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Buying a property on leasehold (Erbpacht)

If you’re looking at buying a house in Germany, you should also consider buying a house on a leasehold basis. Well it can definitely be a lot cheaper than buying a house in the traditional way. But you must also know that a lease also comes with its own expiration date and you do not become the owner of the land. I do get a lot of questions about this and would like to answer those questions in this article.

1. What is Erbpacht?

Erbpacht or Leasehold typically means that the owner of the land/plot gives the right to another person to construct/maintain a building on the plot. The owner of the land receives a rental fee which is called ground rent or hereditary lease which is currently about 2%-4% of the value of the plot. A ground lease usually extends over a period of several decades, between 50-99 years. During this period the plot remains the property of the owner of the plot while the constructed building is the property of the ground lease holder. The ground lease holder will be liable to pay certain fees such as the land transfer tax, property tax or development costs.

When the lease expires, the property is transferred to the plot owner who has to compensate the lease holder with at least two-thirds of the value of the building. They can also mutually extend the contract or create a new contract altogether.

For whom could Erbpacht / Erbbaurecht properties be interesting?

For families or people with modest incomes, leasehold properties are an intriguing choice. A leasehold property is frequently the only means for them to realize their ambition of owning their own four walls without accumulating excessive debt because land costs can be rather exorbitant, especially in large cities.

Also, some residential locations are only available on leasehold as the owners do not want to sell their properties and only want to lease them out.

Because they make up a relatively small portion of the real estate market, offers to award ground leases or the sale of property on a ground lease basis are rarely widely publicized. Both benefits and drawbacks might be associated with purchasing a property under a ground lease. One benefit is that the property’s immediate buying price is considerably less than that of a property with land. However, as was previously said, in this instance you do not own the plot along with it; rather, you pay for it for the duration of the contract through an annual leasehold, which, depending on the lease’s cost, may ultimately cost more than purchasing the land outright.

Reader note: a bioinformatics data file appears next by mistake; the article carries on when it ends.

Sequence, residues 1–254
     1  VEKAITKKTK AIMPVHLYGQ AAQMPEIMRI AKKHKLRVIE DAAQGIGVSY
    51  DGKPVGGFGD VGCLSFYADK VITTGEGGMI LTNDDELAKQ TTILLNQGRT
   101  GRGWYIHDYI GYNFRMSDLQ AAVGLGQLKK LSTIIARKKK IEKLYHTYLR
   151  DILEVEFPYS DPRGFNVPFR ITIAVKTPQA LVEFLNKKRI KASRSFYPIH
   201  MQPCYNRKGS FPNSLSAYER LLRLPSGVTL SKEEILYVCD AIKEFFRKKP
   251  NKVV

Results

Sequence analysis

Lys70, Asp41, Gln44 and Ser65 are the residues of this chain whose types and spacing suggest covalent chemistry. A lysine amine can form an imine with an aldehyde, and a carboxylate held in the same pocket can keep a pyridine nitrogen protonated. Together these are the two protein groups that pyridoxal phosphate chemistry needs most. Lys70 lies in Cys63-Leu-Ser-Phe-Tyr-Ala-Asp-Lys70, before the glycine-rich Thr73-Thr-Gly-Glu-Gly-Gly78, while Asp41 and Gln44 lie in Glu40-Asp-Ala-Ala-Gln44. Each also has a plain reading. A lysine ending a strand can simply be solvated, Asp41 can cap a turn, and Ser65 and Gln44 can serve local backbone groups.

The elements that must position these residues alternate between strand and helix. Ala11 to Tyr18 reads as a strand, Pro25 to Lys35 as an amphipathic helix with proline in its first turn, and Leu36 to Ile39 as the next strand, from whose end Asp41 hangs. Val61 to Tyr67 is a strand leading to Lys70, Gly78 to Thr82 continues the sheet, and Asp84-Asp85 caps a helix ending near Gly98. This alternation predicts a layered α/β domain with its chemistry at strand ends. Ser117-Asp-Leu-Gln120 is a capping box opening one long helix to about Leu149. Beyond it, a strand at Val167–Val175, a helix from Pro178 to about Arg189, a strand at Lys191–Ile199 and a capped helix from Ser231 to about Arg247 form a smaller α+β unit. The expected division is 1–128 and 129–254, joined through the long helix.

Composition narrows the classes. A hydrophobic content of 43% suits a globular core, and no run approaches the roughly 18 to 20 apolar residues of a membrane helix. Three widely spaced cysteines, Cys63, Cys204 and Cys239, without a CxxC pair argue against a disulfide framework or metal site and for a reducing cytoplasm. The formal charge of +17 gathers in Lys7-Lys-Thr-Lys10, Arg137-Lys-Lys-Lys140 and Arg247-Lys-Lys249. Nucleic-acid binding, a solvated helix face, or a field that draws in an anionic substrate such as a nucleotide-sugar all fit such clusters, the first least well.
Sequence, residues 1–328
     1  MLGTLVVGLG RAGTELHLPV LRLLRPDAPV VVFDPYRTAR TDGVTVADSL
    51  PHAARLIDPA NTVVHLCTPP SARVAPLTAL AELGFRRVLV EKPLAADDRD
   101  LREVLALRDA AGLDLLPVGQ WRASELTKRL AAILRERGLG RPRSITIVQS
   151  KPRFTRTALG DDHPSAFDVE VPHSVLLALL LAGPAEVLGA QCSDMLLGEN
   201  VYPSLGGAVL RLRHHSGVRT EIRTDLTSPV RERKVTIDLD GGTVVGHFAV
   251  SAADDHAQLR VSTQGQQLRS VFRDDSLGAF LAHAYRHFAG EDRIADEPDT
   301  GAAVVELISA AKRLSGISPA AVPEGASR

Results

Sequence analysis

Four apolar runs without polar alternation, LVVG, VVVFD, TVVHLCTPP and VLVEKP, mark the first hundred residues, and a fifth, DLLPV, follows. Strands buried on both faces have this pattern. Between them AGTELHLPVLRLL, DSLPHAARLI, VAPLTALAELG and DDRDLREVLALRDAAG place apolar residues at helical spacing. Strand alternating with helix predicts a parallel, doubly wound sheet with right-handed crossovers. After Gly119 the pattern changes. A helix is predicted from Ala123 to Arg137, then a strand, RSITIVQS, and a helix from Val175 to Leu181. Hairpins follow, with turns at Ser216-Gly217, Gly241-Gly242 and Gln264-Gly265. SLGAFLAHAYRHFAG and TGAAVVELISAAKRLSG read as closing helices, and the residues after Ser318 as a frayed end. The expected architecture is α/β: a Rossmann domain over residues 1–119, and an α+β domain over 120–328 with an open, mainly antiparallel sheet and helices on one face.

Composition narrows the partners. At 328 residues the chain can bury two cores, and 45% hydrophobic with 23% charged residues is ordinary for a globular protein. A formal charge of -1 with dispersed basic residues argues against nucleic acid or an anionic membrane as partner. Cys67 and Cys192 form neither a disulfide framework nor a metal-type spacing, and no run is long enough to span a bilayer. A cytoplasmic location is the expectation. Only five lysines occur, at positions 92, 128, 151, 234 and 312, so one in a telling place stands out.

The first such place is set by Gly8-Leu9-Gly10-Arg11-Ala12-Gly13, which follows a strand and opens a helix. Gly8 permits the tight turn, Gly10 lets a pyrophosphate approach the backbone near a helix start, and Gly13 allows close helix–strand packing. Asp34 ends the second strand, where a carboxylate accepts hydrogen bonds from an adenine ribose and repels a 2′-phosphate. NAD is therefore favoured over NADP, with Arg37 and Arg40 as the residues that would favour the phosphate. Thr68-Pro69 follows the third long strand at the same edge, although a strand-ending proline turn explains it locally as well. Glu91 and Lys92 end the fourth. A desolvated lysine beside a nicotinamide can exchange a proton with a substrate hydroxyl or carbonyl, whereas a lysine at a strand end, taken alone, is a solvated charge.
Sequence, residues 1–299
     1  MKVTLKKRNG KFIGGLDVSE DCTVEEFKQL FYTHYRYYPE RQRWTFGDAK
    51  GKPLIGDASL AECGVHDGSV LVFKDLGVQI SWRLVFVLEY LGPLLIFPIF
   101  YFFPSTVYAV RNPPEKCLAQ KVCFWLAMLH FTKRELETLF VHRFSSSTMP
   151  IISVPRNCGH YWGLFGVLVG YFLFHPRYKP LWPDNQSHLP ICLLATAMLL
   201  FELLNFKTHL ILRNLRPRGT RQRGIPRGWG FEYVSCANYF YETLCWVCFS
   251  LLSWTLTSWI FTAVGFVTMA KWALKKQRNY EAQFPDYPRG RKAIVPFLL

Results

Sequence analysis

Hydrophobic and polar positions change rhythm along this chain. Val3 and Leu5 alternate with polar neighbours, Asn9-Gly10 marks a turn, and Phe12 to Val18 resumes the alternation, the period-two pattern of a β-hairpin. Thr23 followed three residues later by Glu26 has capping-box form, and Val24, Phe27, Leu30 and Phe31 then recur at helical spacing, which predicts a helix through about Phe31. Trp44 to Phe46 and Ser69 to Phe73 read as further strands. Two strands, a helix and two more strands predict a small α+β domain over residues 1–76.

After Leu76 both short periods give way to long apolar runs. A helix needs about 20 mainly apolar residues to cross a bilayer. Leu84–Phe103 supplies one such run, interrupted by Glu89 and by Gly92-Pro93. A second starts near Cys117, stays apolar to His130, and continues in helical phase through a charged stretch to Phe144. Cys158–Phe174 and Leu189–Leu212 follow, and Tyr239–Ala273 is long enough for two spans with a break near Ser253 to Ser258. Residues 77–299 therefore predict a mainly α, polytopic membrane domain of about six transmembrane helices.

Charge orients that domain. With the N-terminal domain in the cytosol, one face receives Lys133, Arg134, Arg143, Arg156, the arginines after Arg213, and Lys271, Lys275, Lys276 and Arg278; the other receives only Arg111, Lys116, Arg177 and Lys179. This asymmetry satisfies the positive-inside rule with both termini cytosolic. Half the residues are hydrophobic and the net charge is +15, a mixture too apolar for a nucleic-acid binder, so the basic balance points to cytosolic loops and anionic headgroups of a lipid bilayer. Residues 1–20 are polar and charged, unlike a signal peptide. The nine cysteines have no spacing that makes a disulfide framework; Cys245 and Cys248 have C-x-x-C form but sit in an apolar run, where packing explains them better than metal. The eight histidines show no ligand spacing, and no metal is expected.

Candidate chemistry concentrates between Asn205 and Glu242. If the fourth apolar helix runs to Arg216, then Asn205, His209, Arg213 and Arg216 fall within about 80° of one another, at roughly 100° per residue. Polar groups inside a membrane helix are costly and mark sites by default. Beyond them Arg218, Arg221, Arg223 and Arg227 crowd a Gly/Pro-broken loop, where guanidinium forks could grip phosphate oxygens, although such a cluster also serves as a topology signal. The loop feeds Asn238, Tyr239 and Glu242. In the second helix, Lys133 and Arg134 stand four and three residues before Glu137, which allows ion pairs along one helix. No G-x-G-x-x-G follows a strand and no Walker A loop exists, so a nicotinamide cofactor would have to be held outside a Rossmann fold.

Who grants ground leases and who sells leasehold properties?

For instance, private individuals who wish to augment their retirement pensions with the steady income from a ground lease may award leaseholds. However, most ground leases are given by organizations like churches, towns, foundations, breweries, etc. that own substantial real estate holdings but have no desire to sell them.

Contrarily, leasehold properties are typically offered for sale by the respective owners of the leasehold properties rather than the landowners themselves. In most circumstances, the leasehold agreement has not yet expired or is still in effect, but the respective owner nevertheless decides to sell the property. Typically, the same factors that influence other real estate deals also influence this sale. A holder of a heritable building right is legally free to sell his property without restriction. Legally speaking, he is permitted to resell his inherited building right even while a contract is still in effect, making the sale of the actual property also feasible.

For a sale, he does require the ground lease owner’s approval, but under very specific circumstances, such as if the new interested party intends to utilise the building for commercial or similar uses rather than for residential ones, the ground lease owner can merely decline. The ground lease owner typically also has a contractual right of first refusal, which entitles him to take possession of the property himself in the event of a pending sale.

2. The leasehold contract

Legally speaking, the ground lease is a legal transaction that requires a form i.e. the contractual notarization must take place at a notary public. The hereditary building right is listed as a line item in the main land register as well as in a specific general land register (Grundbuch) at the district court . The contract must address the following issues:

– Term

The term is not subject to any legal constraints and may be freely chosen by the parties to the contract. Typically, terms of 50 to 99 years are agreed upon.

– Ground rent

Here, it must be stated how much and when the ground rent is to be paid.

It is possible to freely agree on the ground rent; for instance, 2 to 4% of the land value annually. It is possible to agree on a monthly, quarterly, or annual due date.

– Interest rate adjustment

A clause known as a value retention clause is typically added to the contract as well. Due to inflation and the resulting decline in the purchasing power of money, monetary value protection clauses have grown to be popular in contracts with long terms. This connects the monetary claim to the overall evolution of product and service prices. With this strategy, the ground rent is legally adjusted to a price index, often the German Federal Statistical Office’s consumer price index. As a result of the ground rent’s ongoing growth, the leaseholder’s financial burden grows with time.

– Right of the ground lease owner to have a say in the matter

Usually, the ground lease lender by way of contract secures a right to co-determine additions or alterations to the building and mortgage charges on the land.